Thursday, July 2, 2009

Sustainable Energy Defined

A sustainable source of energy is renewable and environmentally benign.  While sustainable energy sources such as hydro, geothermal, wind, solar, oceanic (wave, tidal, current and temperature differential) are seemingly inexhaustible, this is not true for biomass.  Biomass is a sustainable source of energy as long as a crop is grown, burned for its energy content, and replaced by another.  Under these conditions, there is no net addition of carbon dioxide to the atmosphere because the carbon dioxide released from burning is absorbed in growing the replacement crop.  Deforestation adds carbon dioxide to the atmosphere as more biomass is burned than is replenished and is not sustainable; at some point the forest is gone.  Inexhaustible means that the source of energy is always present and never diminished, but that does not infer an infinite supply.  Inexhaustibility must be tempered with capacity limits.  Biomass is limited by the availability of arable land for non-food crops; solar power by whether the sun is shining and the number of solar arrays; wind power by whether the wind is blowing and the number of wind turbines; and hydropower by rainfall and the number of dams.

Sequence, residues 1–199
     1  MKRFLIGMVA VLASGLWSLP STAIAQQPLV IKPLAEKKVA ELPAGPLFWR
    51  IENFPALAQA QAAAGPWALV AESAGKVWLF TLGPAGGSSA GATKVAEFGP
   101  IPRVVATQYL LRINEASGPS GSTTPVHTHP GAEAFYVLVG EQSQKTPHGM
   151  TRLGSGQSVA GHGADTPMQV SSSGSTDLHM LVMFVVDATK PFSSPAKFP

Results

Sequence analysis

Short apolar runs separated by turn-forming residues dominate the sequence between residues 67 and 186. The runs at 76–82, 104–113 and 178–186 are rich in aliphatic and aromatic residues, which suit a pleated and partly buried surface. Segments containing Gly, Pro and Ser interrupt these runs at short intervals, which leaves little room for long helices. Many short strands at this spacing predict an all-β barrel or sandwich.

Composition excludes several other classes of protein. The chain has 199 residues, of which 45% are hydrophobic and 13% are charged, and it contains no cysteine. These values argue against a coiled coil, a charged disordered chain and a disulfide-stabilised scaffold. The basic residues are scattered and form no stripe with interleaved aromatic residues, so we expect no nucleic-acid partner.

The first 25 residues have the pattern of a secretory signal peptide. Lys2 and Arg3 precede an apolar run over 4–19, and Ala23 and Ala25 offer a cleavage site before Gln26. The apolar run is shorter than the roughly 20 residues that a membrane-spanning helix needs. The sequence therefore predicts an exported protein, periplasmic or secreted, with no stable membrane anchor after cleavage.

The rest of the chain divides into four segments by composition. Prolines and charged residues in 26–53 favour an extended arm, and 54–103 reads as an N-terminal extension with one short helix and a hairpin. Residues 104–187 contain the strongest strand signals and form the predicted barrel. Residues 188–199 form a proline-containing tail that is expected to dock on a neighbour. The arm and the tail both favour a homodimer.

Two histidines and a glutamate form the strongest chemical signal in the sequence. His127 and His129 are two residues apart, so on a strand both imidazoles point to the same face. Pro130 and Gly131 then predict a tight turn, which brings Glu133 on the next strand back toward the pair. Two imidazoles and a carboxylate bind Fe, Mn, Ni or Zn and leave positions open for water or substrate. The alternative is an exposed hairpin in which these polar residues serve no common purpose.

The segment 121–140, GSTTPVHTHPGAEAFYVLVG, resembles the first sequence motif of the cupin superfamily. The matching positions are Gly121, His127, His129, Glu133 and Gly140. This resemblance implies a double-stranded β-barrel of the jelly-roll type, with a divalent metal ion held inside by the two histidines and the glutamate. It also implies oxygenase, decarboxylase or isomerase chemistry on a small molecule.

A major difference between conventional and sustainable sources of energy is reliability.  Electricity can be generated at the dispatcher’s whim up to a plant’s rated capacity for a generator fueled by fossil and biomass fuels, nuclear power and geothermal energy.  This is not true for other sources.  Hydropower depends on rainfall.  Wind and solar and wave power depend on the weather.  Tidal energy is predictable, but there is no guarantee that peaks in electricity generation from changing tides coincide with peaks in electricity demand.  Wind, solar, tidal and wave sources can certainly be tied into an electricity distribution grid and contribute to the electricity pool “weather permitting,” but they can only displace, not replace, conventional sources of energy.  Wind and solar energy, in particular, are being researched, developed and implemented heavily in states such as Colorado.

Source: (“Energy for the 21st Century,” Nersesian)

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